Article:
There is a kind of ‘Christmas’ that is limited to those who have the means to enjoy it; a Christmas that is not for the lowly, the poor and the meek, but for the happy, the healthy and the well-off. The circumstances of Jesus’ birth make it plain that the real Christmas is an inclusive one, embracing all, but especially those whose circumstances are in any way poor and humble. Those who grieve the loss of love ones, those whose tables at Christmas will have an empty space that was filled in earlier years, those who struggle with illness… such people are more, not less, qualified to enter into the spirit
Near the very end of the Bible, the heavenly Jesus explains his entire project simply and briefly: ‘See, I am making all things new’ (Rev 21:5). This is why Jesus was born, why he took on our human nature, why he endured misunderstanding, opposition and death: so that we might shed everything that is stale and dull, and ‘walk in newness of life’ (Rom 6:4). The risen, heavenly Lord promises ‘a new heaven and a new earth’ (Rev 21:1), but for now, as we walk upon this earth, he is our hope and our strength. Even as we contemplate the child in the crib, we can pray to the Lord of glory, ‘Amen. Come, Lord Jesus!’ (Rev 22:20).
Fr Chris Hayden,
O Come, Let Us Adore: Exploring the Crib at Christmas (Veritas, 2010), p. 102
The Holy Family of Jesus, Mary and Joseph
29 December 2019
Matthew 2:13-15, 19-23
1. The threat to the child Jesus put Joseph in a situation where he had to make a quick yet wise decision. Perhaps you have also had to make a speedy response to an unexpected crisis. Who were the ‘angels’ who guided you to wise decisions? Remember them and give thanks.
2. The whole narrative is designed to bring out the guidance of God’s providence for the child Jesus. Have there been times when you have been grateful that things worked out well for you despite adverse circumstances or experiences?
3. External forces imposed migration on Joseph and his family, until he came to establish a home in Nazareth. Where have you lived before coming to the place you now call home? How has this journey helped to fashion the person you are now? Perhaps you have a mixture of gratitude and regrets as you look back. Give thanks for the good memories. What helps you to deal with the disappointments and hurts in the past? Bring them to God with a prayer for further healing.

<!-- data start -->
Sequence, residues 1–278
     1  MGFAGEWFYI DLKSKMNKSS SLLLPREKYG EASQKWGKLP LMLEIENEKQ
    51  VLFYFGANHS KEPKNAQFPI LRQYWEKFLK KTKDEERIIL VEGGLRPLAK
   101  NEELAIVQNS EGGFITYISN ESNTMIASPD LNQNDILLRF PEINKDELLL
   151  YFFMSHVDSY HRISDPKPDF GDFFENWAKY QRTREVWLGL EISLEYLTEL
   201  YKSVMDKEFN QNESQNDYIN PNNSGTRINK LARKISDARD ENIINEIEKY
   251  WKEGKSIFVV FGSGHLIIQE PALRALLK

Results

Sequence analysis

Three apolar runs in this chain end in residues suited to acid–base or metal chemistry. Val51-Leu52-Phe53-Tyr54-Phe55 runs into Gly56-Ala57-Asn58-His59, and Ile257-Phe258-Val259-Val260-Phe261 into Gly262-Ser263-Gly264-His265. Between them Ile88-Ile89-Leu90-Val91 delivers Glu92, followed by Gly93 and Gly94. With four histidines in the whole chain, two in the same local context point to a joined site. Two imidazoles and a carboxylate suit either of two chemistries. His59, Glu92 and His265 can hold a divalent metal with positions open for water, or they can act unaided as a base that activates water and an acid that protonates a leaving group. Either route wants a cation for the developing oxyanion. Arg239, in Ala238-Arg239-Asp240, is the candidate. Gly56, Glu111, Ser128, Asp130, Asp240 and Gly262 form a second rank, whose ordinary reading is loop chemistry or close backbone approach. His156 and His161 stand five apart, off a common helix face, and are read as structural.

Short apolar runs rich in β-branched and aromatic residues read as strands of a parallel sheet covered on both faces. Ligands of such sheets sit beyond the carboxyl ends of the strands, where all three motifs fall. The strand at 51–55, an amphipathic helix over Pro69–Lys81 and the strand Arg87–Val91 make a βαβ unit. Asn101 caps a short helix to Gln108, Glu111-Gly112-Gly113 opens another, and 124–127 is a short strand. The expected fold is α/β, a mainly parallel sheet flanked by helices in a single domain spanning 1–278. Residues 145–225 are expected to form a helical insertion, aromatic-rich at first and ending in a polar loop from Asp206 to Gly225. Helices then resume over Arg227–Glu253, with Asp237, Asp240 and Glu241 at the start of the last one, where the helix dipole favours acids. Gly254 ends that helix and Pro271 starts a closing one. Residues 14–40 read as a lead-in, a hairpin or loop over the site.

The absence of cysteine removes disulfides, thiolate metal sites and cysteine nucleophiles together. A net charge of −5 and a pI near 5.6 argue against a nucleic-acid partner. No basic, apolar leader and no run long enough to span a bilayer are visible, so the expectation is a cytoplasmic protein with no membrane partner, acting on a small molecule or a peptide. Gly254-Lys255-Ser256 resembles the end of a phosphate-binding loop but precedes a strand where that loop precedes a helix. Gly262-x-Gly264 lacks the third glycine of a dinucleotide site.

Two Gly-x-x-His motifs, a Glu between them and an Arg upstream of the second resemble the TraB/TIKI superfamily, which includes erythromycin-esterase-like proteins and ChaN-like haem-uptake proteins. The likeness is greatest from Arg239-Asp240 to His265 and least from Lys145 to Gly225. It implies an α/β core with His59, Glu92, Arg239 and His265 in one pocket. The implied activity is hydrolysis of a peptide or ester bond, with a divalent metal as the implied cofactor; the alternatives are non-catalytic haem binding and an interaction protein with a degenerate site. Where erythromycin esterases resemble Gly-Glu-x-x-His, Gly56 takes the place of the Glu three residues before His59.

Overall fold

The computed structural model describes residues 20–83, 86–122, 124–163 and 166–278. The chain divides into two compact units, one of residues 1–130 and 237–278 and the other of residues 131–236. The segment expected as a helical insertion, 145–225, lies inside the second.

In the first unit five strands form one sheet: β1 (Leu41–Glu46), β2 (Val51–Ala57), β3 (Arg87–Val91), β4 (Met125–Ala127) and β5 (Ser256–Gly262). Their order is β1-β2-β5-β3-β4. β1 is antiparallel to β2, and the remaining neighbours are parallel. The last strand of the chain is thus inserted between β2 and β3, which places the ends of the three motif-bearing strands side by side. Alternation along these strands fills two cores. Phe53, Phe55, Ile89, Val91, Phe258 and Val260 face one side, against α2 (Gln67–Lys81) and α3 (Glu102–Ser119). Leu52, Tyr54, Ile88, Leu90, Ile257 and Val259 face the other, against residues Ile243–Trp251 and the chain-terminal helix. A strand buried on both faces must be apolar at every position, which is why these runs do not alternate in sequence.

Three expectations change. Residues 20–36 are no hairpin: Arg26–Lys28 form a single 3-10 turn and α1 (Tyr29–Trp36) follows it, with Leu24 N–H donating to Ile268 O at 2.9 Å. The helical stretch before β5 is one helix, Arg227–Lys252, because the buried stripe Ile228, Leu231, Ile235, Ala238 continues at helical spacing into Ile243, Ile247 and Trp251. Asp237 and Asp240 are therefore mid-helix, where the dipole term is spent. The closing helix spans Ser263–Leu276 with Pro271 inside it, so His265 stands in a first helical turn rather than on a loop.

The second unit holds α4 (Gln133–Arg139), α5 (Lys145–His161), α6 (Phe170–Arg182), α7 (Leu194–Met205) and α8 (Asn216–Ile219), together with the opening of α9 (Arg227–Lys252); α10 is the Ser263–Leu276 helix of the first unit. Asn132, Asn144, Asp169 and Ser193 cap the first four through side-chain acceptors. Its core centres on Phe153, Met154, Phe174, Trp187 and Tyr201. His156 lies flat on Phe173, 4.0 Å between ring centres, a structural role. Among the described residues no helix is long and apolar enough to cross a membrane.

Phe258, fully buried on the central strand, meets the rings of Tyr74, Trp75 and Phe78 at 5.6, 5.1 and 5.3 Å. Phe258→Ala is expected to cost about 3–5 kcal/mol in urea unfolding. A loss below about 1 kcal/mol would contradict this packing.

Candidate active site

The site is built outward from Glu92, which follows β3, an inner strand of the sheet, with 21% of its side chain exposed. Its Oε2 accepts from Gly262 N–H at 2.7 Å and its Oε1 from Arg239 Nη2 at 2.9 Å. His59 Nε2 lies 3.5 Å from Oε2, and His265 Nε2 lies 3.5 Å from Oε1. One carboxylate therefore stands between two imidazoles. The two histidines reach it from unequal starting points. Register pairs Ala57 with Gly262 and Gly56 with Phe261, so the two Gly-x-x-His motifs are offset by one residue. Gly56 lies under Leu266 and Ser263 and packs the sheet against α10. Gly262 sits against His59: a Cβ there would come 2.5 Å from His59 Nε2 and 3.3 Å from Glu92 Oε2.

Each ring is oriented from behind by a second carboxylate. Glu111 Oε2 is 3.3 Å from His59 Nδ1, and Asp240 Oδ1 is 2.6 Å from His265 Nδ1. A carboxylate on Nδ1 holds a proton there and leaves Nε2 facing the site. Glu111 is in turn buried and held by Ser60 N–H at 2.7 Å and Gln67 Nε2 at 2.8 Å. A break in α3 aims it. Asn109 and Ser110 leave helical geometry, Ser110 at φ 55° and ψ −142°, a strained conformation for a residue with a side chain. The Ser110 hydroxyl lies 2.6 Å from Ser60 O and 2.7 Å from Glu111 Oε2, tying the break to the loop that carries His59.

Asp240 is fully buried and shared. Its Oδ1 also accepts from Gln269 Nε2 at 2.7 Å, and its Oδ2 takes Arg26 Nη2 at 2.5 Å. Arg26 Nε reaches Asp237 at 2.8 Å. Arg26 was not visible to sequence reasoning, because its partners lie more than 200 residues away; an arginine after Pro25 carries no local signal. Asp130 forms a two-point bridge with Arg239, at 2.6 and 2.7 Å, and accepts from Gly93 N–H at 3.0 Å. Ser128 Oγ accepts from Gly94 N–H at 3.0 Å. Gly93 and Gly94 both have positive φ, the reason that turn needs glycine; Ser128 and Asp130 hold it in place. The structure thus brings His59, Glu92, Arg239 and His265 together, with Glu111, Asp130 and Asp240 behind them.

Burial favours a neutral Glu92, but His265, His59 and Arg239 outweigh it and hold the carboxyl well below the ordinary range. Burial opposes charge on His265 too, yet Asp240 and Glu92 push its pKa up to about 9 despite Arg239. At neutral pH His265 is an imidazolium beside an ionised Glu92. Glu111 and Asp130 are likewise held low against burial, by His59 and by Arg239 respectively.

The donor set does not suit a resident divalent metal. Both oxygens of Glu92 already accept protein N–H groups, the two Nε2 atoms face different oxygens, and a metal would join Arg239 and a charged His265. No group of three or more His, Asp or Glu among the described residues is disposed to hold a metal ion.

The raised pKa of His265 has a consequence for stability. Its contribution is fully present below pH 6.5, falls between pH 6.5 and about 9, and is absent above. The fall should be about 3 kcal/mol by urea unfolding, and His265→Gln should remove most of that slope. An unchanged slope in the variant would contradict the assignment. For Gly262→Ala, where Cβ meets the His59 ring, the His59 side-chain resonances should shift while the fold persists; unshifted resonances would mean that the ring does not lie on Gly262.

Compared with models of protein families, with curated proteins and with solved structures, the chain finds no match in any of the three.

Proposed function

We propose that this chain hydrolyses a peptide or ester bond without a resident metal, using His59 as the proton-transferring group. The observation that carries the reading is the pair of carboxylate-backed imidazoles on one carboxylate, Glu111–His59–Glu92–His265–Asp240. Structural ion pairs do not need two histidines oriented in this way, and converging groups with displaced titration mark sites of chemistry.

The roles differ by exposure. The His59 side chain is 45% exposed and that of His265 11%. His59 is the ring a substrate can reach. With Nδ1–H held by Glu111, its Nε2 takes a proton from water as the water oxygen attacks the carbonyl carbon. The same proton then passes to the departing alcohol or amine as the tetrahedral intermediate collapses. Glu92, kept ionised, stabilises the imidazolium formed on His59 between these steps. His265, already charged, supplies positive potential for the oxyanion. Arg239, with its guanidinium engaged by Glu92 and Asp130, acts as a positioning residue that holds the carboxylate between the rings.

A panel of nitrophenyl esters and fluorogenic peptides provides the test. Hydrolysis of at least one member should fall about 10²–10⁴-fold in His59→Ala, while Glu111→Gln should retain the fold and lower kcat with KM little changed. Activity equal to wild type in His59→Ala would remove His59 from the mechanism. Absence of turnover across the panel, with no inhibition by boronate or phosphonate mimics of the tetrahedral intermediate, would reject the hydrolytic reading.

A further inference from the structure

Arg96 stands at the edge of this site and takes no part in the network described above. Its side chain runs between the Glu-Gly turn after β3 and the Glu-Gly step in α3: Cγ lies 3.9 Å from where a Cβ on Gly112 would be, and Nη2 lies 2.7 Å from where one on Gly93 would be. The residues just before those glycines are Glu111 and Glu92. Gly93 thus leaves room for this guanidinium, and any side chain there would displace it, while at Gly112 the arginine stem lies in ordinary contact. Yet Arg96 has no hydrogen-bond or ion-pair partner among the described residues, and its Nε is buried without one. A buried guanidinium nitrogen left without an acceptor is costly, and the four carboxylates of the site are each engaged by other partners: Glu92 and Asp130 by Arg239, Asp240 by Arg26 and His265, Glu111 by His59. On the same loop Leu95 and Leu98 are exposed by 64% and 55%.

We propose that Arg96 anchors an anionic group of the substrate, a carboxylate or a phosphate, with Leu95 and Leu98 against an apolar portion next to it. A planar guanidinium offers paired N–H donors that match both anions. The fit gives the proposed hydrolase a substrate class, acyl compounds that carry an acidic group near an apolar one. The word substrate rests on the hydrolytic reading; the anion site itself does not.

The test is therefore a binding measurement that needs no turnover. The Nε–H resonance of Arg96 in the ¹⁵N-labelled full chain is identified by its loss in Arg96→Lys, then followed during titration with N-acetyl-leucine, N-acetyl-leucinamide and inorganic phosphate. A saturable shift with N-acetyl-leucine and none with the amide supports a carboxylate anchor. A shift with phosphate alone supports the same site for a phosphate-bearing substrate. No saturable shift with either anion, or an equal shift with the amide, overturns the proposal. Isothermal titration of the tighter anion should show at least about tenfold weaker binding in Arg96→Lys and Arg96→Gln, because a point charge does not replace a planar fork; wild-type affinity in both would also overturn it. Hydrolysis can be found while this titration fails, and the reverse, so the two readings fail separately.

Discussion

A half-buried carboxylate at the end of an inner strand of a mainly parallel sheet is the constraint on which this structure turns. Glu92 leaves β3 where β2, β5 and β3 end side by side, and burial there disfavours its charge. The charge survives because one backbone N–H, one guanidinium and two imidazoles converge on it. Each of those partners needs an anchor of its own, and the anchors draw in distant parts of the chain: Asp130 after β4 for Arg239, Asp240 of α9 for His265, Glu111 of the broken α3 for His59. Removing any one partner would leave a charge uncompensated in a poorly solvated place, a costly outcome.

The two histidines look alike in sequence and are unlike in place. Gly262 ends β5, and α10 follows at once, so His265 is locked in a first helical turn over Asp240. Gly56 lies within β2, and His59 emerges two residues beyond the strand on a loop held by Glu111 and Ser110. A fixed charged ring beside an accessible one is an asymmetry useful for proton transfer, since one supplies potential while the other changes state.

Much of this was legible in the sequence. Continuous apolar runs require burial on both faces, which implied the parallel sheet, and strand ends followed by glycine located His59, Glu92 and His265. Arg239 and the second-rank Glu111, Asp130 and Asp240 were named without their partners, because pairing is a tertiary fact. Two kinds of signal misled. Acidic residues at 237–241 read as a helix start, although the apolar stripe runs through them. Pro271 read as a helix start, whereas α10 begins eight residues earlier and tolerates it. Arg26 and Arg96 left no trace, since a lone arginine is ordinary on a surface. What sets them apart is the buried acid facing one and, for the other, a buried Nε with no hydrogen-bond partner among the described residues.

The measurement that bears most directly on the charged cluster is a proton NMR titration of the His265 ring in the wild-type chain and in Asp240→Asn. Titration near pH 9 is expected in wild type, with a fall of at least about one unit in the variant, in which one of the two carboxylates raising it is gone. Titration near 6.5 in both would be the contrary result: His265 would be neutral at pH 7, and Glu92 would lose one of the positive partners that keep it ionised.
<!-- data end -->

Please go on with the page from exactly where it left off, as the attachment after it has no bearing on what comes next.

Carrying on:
4. The story and today’s feast remind us of the importance of the family in nourishing and fostering new life. Recall and give thanks for those in your own childhood who helped you to find your way in life.
John Byrne OSA
Second Sunday of Christmas
5 January 2020
1. John opens his Gospel with a profound reflection on the meaning of creation, of life and of
Jesus. Remember when you had a special awareness of the gift of life that filled you with gratitude to
God for creation, and the beauty and wonder of the world: ‘All things came into being through him and without him not one thing came into being.’
2. We often listen to a reading from the gospels. Sometimes it goes in one ear and out the other. Then there are occasions when it made us feel more alive, times when it helped us see the way ahead, like a light that shines in the darkness. Recall when the gospel gave you hope in the midst of anxiety or sadness and helped you to see what action would be most lifegiving for you and for others
3. Bring to mind people who have had a prophetic voice in the world – speaking the truth for the world to hear, as a witness to testify to the light. Some of these may have been public figures. Others were ordinary people who have helped you see the ‘light’ by the witness of their own lives and words.
4. ‘No one has ever seen God. It is the only Son of God, who is close to the Father’s heart, who has made him know.’ Jesus came to us to teach us about God and put a human face on God for us. For the people of his day, and for us, that was a mission of getting us to think again about how we see God, and to believe in a God of love. Recall how the life and ministry of Jesus have changed your picture of God.
John Byrne OSA
The Epiphany of the Lord
6 January 2020